Limited data are available to describe the regulation of heart rate (HR) during sleep in spaceflight. Sleep provides a stable supine baseline during preflight Earth recordings for comparison of heart rate variability (HRV) over a wide range of frequencies using both linear, complexity, and fractal indicators. The current study investigated the effect of long-duration spaceflight on HR and HRV during sleep in seven astronauts aboard the International Space Station up to 6 mo. Measurements included electrocardiographic waveforms from Holter monitors and simultaneous movement records from accelerometers before, during, and after the flights. HR was unchanged inflight and elevated postflight [59.6 ± 8.9 beats per minute (bpm) compared with preflight 53.3 ± 7.3 bpm; P < 0.01]. Compared with preflight data, HRV indicators from both time domain and power spectral analysis methods were diminished inflight from ultralow to high frequencies and partially recovered to preflight levels after landing. During inflight and at postflight, complexity and fractal properties of HR were not different from preflight properties. Slow fluctuations (<0.04 Hz) in HR presented moderate correlations with movements during sleep, partially accounting for the reduction in HRV. In summary, substantial reduction in HRV was observed with linear, but not with complexity and fractal, methods of analysis. These results suggest that periodic elements that influence regulation of HR through reflex mechanisms are altered during sleep in spaceflight but that underlying system complexity and fractal dynamics were not altered.
- heart rate
- power spectral analysis
- complexity and fractal analysis
human spaceflight dramatically alters cardiovascular demands of day-to-day work tasks (18) and eliminates the need for the normal regulatory adjustments of the cardiovascular system associated with postural change on Earth (9, 47). Without appropriate countermeasures, including regular exercise, there would be marked cardiovascular deconditioning that could be detected by changes in heart rate (HR) and heart rate variability (HRV) (55). For more than 40 years, researchers have reported that inflight HR might be reduced (19, 22, 25, 35), elevated (9, 25), or unchanged (2, 11, 21, 46, 52) compared with preflight measurements. Interpretation of these findings is complicated by uncertain conditions for data collection. However, recent investigations of astronauts on the International Space Station (ISS) reported no change from preflight resting HR under controlled conditions in space (2, 26, 52).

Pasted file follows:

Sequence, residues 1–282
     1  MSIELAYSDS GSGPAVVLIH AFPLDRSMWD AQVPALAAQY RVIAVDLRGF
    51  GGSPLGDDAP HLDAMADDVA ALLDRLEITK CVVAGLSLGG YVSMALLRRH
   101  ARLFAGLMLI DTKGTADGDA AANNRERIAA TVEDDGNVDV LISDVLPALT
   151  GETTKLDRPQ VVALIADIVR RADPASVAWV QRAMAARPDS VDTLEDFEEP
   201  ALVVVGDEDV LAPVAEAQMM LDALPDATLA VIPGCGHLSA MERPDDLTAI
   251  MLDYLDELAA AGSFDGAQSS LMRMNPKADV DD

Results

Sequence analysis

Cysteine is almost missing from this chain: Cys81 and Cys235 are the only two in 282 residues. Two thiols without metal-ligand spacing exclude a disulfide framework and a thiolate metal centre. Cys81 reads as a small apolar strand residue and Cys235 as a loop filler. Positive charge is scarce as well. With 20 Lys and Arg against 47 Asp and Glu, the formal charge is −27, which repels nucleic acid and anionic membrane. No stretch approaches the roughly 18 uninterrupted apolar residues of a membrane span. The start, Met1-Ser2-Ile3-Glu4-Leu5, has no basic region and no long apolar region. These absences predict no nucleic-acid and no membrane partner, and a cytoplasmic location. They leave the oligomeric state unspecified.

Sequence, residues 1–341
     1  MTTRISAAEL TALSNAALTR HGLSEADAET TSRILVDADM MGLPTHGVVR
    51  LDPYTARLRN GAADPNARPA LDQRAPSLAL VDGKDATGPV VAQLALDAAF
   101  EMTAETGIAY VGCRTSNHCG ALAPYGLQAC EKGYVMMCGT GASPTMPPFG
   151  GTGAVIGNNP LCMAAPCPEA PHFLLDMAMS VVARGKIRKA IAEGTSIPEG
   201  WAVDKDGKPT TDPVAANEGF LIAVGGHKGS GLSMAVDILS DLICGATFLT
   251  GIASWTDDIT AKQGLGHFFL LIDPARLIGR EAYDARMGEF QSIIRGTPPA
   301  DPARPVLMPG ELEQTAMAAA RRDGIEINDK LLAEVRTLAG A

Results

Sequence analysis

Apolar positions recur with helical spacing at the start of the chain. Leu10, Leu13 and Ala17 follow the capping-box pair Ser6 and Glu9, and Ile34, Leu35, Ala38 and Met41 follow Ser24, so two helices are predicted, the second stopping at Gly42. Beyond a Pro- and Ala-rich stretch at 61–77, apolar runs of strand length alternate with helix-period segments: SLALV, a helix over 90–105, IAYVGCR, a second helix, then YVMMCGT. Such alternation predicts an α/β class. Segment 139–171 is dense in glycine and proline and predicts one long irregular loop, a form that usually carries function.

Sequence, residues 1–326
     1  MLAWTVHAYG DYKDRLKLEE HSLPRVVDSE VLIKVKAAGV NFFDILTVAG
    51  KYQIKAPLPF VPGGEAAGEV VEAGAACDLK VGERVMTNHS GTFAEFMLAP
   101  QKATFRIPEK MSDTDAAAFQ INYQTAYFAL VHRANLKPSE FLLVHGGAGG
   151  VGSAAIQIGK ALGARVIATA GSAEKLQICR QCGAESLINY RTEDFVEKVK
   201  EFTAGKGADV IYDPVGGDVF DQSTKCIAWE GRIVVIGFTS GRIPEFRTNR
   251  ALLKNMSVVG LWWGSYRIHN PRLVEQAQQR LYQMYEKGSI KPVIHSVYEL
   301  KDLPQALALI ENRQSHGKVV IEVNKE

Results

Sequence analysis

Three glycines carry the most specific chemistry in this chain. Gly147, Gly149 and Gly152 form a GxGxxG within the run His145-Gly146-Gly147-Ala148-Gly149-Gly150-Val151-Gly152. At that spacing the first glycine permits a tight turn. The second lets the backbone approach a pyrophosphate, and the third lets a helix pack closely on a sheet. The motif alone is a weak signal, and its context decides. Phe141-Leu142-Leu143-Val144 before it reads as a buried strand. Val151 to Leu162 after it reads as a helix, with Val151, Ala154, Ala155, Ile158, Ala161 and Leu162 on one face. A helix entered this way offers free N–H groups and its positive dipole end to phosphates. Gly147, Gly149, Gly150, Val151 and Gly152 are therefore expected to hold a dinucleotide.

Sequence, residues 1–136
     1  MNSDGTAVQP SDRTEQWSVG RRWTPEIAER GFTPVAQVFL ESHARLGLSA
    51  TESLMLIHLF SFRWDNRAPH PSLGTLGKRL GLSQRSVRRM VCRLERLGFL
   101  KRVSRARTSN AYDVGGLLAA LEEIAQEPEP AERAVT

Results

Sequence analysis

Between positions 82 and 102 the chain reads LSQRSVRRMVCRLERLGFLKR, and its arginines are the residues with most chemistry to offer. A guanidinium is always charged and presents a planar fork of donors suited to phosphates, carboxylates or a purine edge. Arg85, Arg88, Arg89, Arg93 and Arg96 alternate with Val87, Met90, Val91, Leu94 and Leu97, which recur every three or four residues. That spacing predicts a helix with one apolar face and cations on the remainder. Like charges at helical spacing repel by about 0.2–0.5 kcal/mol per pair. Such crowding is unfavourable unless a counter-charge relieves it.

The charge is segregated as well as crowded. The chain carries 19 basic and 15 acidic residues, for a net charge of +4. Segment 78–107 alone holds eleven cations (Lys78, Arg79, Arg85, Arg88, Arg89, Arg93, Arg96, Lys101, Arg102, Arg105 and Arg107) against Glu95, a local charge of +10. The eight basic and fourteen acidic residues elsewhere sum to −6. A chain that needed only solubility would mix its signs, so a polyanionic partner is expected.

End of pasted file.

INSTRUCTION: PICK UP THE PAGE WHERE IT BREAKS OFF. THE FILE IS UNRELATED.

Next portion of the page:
Measurement of HRV has likewise been complicated by the variable conditions of data collection. An early report of 24-h HRV from cosmonauts on the Russian Mir station (21) observed a reduction in low-frequency spectral power during days 3–7, but no changes over the remainder of the flight (up to 179 days). Another study from Mir reported that HRV during short sessions of paced breathing was generally reduced in long-duration spaceflights compared with preflight supine values (11). Data from three recent investigations of astronauts on the ISS have revealed some conflict. HRV was unchanged from preflight semirecumbent values except for a strong trend (P = 0.07) during 0.1 Hz controlled breathing (2), and no changes were observed from supine rest in a second study (52), but we found in astronauts investigated in the current study that high-frequency HRV was reduced (26).
To avoid some of the complications of altered patterns of daily activity and effect of body posture, sleep might yield important information on the fundamental nature of cardiovascular regulation. Several investigators have reported that compared with preflight values, there was no change in the sleep time HR during spaceflight (18, 19, 46), and one study reported no change in the long-term scaling (fractal) behavior of HR (HRV) compared with healthy controls (28). However, another study reported lengthening of the R-R interval by about 100 ms, and no change or an increase in high-frequency HRV (22). To date, no study has incorporated simultaneous measurement of movement indicators with collection of HR data during sleep to assist in interpretation of the data. The mean HR during sleep has been previously reported for the astronauts in the current study as being unchanged during flight (18), and therefore, we hypothesized that HRV will likewise be unchanged compared with preflight values, whereas postflight HRV will be reduced.
Seven astronauts (1 female, age 47 ± 4.6 years, height 176 ± 5.0 cm, weight 81 ± 9.6 kg) who participated in space missions aboard the ISS (52–199; 144 ± 49 days) were studied. Each subject was given full verbal and written details of the experiment and signed a consent form. The experiment protocol conformed to the guidelines in the Declaration of Helsinki and was approved by the Office of Research Ethics at the University of Waterloo, and the Committee for the Protection of Human Subjects at Johnson Space Center.